I use DDX across the board for Ilford's conventional films and follow their processing recommendations to the letter. For the most part this serves me well and I'm very happy with the negs I get... ...except for Delta 3200.
For this film following the recommendations always seem to give me thin negs and find myself dialling in the world's supply of magenta to get any worthwhile prints! I use very fresh DDX at 1:4 with filtered water at 20C and, like I say, I have no problems with other films.
Has anyone found a time / temp combination for Delta 3200 in DDX that works well for them? Does anyone have any suggestions for how I might vary Ilford's recommendations to product better negs?
All help gratefully received!
Thanks in advance,
I only have limited experience with Delta 3200, but it bears out what others have said: expose it at 1600, and use Ilford's time for 3200. Presumably this would also translate into exposing at 3200 and developing as if it were 6400. I haven't tried it, but I've read that its "best" exposure index is around 800 to 1000. Hope this helps, but if not I'm sure much more knowledgeable people than I will respond.
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I'm at my very first experience with delta 3200, so I can't be of help, but I'd like to had my question to your - I hope you w'ont consider it unfair.
I've just tried delta 3200@3200 in microphen stock (recomended ilford time/temp). The neg looks quite flat, yet with nice midtones, but the oddest thing is the film base, foggy (looks almost frosted) and unusually dark; Much darker than, lets say, delta 400. Did you experienced the same?
I tested Delta 3200 for Ilford for about 12 months before it hit the market place and tried many developers as well as pushing the film up to ISO 25000. DDX had not at that time been marketed but it was a standard in house Ilford developer so they gave me a few gallons to play with. One thing I remember is that I was told that it would produce quite a high base fog on 3200 and it did although I was not unhappy with the results I produced. I'll dig out those tests and let you know the results, but please remember that they are only my opinion and are not based on scientific measurements etc.
For what it is worth, I prefer Rodinal with 3200 for it gives me the grain that I really love. Because I don't like long development times I use a 1 to 25 dilution for 10 minutes at 20c when the film is rated at 3200. Whe I really push it say to 25000 I increase the temperature to 24c and the time to 12 minutes and although the base fog is quite noticable it doesn't appear to affect the end result.......but remember I do like grain.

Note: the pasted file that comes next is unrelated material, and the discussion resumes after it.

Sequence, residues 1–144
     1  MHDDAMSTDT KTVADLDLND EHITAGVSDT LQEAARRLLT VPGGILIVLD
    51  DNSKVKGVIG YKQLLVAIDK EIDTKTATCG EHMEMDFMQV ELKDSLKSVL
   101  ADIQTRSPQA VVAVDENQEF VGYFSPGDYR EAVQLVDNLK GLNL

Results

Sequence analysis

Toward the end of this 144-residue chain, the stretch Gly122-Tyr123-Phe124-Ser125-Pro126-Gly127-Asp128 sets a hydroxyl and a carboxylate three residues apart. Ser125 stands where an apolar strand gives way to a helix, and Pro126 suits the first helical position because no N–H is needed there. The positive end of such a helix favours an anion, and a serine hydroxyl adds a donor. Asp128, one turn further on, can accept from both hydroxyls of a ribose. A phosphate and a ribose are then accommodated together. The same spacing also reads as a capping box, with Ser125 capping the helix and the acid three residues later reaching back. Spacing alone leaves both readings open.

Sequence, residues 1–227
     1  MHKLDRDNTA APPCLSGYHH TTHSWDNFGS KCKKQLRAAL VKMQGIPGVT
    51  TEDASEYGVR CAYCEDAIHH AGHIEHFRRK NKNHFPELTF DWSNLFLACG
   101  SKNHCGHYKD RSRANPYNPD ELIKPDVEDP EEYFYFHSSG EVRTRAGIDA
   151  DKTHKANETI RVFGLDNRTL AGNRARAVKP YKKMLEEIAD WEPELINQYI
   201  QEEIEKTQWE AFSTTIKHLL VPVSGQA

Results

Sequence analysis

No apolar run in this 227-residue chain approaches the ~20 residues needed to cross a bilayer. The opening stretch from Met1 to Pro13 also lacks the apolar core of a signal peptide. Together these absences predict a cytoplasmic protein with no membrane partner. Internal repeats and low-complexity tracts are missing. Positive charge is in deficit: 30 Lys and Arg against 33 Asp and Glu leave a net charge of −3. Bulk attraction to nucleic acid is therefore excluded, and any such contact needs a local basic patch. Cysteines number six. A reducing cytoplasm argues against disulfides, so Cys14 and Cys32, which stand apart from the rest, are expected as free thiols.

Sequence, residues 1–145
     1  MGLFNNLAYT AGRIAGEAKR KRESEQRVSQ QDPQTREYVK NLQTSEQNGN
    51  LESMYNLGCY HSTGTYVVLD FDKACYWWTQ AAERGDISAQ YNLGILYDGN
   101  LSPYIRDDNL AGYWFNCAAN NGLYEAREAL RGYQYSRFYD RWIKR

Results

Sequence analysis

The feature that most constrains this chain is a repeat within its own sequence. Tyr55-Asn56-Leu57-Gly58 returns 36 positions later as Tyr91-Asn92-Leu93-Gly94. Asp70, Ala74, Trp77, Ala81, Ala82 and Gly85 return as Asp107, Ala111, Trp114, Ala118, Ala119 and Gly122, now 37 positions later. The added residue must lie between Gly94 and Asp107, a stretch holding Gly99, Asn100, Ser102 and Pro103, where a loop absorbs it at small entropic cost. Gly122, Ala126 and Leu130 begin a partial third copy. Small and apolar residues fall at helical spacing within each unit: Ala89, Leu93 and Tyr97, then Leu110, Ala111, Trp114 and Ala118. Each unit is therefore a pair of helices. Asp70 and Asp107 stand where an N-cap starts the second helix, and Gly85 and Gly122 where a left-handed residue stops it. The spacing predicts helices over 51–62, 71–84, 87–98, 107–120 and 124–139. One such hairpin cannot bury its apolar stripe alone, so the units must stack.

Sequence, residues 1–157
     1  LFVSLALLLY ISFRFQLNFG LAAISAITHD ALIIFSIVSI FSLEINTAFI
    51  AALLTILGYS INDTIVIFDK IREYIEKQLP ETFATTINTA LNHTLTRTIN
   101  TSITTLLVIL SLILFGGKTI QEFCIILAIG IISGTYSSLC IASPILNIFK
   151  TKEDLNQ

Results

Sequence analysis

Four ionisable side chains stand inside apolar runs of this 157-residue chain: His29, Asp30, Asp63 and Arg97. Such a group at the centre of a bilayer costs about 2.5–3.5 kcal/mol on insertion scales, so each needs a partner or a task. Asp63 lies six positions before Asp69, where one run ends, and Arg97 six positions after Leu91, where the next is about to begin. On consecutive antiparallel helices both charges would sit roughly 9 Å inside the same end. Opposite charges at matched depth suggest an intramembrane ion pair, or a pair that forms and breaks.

I'll post the results of the tests when I return from Southern Ireland in a week or so.
ya i defenetly agree with les mclean. the beauty of the high speed films is the grain of course. i suggest thath every one will try to learn the use of the grainy negatives in artistic manner. the main point is that u have to come in different "mind" when u come to print this kind of negative. of course therer are jigh speed films that will give very fine grain in some combinations, but it is more the disability to use the low speed film because of the conditions.
about the developing time of the delta 3200 and the low contrast...
first of all, therer is nothing wrong to print on grade five, but u have to be very careful on the roll films, and insure that u will not need more than g5 . second... if u use the difused light or cold light u have to develop more, or at least put your negative in the selenium. any way, try to rise the developing time in 25-50%. in testing the exposure development, try to be loyal to one kind of aggitation - it is very important.
the combinaation that u will be satisfied will be correct for u only when u use +/- same conditions and u make about the same enlargement. if u go bigger, u loose the contrast.
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I have a couple of rolls of Delta 3200 135-36 shot at 3200 now that need processing. Has anyone any further suggestions on the best times / temps for this film in DDX?
I appreciate the comments on the desirability of grain but, to my mind, this depends on the subject matter. These shots are of a friend's wedding where I was backing-up the official snapper (the signing of the register, "No, you can't use flash! No, you can't use a tripod! No, you can't come any closer!") and I don't think that grain like crazy-paving would go down too well with the bride!
What I'm after are as near "normal" negs as possible with as good a range of contrast as possible and as unobtrusive grain as possible. If I can't have it then fair enough, but I would like to try.
All help gratefully received.
Develope it at Ilford's time as if it were shot at 6400.
Good luck and let us know how it works out.
I did and it worked very nicely. I also extended the fixing time to 6 mins in an attempt to get the base absolutely as clear as possible. The negs are punchier and should be much easier to print with good levels of contrast.
Originally Posted by johnnywalker
Many thanks to everyone for all the help.